It would be a bit much to go so far as to predict that Margarito, a fighter who was thoroughly dominated by Shane Mosley two fights ago and looked ordinary in his one comeback fight, is going to upset a man who regularly draws comparisons to the likes of Henry Armstrong. But Margarito doesn’t necessarily have to defeat Pacquiao to make an imprint. Not with the ongoing possibility of a Pacquiao vs. Floyd Mayweather mega-fight looming over everything that happens in the sport.

In the November 2010 issue of THE RING, a letter from reader Brad Morris ran in the “Come Out Writing” section, suggesting that Mayweather ÔÇö who opened the door for Margarito by declining to fight Pacquiao ÔÇö isn’t outright ducking “Pac-Man” as much as he’s waiting for the right time to fight him. “Remember what Ray Leonard did to Marvin Hagler years ago,” Morris wrote. “He dangled a fight in front of him and then retired, letting Hagler get beat up in two wars with Thomas Hearns and John Mugabi. Leonard then un-retired and set the terms of their encounter from the ring size to the length of the fight.”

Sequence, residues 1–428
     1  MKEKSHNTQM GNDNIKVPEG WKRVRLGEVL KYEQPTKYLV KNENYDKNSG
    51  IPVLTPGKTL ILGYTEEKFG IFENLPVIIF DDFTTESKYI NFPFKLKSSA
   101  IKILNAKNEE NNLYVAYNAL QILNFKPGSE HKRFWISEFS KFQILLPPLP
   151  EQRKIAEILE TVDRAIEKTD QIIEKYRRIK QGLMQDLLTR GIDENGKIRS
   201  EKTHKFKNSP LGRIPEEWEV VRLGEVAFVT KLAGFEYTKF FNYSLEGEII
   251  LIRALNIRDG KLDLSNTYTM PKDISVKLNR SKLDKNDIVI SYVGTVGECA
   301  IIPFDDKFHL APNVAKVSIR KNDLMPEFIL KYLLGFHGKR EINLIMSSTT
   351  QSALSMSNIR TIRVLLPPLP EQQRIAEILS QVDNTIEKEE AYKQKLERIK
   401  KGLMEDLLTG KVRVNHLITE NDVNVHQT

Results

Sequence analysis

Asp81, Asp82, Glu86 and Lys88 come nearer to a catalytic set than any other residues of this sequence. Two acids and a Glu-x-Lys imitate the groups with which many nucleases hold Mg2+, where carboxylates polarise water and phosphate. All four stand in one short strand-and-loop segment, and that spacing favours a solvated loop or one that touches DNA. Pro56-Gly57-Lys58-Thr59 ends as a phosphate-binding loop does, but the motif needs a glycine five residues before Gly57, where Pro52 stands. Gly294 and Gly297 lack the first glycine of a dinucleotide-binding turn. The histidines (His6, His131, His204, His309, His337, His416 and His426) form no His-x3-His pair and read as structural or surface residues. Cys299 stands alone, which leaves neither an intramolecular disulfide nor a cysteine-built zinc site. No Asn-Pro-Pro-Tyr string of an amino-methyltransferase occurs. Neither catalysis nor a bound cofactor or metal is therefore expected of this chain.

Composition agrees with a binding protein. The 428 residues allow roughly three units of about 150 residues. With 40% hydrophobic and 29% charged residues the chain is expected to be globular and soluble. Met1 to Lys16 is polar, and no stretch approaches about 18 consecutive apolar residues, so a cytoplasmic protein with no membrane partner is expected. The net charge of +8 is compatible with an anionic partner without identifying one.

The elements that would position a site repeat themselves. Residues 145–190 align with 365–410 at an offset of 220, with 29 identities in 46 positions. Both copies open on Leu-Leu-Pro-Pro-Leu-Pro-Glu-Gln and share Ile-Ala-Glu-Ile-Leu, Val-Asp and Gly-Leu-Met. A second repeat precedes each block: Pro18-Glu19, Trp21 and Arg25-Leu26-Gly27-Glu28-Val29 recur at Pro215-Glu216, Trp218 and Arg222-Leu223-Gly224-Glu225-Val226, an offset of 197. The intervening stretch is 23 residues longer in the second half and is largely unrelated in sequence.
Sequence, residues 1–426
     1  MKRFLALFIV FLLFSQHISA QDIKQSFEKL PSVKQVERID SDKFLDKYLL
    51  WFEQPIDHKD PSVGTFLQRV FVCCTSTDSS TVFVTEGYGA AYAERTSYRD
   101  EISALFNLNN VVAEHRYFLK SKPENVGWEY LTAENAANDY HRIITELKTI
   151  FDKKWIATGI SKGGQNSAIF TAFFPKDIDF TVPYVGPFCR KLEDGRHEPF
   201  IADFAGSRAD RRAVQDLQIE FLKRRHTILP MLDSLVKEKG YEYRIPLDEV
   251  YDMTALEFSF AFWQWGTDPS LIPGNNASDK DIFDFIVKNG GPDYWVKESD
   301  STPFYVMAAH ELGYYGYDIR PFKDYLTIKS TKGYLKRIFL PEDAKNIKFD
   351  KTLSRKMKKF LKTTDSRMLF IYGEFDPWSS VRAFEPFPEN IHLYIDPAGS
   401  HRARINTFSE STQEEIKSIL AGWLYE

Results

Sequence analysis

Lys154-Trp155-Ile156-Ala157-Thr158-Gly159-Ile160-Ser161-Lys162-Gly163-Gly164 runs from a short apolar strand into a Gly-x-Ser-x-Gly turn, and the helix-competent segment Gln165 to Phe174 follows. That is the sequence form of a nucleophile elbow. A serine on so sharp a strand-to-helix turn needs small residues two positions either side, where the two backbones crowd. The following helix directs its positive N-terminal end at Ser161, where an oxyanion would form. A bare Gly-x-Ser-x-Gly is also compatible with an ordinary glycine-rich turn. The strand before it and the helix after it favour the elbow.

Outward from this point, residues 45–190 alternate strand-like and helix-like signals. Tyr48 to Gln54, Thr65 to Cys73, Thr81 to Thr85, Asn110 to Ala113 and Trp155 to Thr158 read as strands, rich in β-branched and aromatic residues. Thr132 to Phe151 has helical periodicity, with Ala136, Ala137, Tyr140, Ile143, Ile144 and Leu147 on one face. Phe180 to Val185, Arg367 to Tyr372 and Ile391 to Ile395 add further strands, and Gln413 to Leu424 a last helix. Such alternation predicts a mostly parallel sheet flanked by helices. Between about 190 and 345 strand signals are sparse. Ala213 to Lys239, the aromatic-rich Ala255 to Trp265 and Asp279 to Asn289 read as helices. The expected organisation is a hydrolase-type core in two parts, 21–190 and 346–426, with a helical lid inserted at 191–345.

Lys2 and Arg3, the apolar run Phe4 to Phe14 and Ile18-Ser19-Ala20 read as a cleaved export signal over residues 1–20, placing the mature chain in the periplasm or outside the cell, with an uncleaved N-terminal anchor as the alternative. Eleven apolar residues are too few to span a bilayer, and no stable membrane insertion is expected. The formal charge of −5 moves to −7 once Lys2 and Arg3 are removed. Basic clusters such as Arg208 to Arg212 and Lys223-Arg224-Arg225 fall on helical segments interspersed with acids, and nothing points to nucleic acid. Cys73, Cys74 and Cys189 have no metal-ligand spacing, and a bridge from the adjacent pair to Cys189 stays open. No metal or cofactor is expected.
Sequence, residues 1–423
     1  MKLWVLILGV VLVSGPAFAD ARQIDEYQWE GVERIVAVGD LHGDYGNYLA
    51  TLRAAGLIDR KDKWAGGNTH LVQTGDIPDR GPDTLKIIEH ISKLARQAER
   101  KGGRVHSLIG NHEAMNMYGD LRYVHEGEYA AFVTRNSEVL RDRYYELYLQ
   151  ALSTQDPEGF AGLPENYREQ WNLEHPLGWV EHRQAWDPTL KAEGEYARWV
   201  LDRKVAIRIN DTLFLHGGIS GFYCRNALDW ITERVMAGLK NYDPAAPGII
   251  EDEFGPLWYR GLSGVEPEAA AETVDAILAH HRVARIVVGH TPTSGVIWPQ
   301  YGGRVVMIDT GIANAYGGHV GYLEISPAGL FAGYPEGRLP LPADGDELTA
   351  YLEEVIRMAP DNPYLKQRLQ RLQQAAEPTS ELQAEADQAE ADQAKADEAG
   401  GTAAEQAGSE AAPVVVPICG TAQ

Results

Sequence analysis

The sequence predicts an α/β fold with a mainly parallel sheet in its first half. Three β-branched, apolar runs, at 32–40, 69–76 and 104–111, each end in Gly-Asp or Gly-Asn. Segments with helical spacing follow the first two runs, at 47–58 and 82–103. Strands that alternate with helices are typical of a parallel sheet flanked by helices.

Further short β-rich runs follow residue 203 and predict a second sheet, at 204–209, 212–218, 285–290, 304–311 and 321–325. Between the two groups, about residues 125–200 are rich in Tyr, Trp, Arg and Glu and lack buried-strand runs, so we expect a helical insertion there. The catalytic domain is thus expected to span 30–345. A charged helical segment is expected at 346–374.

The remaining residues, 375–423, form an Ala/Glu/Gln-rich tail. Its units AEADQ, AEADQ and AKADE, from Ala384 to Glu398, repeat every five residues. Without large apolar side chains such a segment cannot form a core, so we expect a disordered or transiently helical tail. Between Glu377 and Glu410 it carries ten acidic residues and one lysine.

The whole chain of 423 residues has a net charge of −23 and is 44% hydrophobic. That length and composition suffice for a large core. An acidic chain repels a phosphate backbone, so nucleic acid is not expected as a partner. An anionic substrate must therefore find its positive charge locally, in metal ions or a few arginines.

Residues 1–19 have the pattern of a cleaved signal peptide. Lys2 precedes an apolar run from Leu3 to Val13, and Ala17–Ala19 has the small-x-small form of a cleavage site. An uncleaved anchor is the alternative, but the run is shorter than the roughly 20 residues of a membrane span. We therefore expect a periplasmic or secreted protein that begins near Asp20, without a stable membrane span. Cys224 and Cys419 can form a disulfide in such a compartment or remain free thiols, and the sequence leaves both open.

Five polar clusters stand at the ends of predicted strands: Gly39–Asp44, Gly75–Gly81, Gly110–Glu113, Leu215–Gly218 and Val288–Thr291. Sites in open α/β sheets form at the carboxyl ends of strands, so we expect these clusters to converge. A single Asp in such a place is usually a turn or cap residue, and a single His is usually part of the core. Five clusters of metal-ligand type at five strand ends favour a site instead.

Morris might just be onto something. Pacquiao is one bad mutha these days. In his last five fights, there was only one round that all three judges gave to one of his opponents. He beat everything but the ability to curse out of David Diaz. He retired Oscar De La Hoya despite entering the fight as an overwhelming underdog. He scored a terrifying knockout of Ricky Hatton, who probably will never fight again either. He endured four thrilling rounds with Miguel Cotto to dominate the next eight and force a merciful final-round stoppage. And then he added Joshua Clottey’s name to the list of bigger, stronger men he handcuffed with his speed, skill, and determination. If you were Mayweather and you had a perfect record to protect, why would you risk it against this version of Pacquiao if you believed the same payday would still be available later?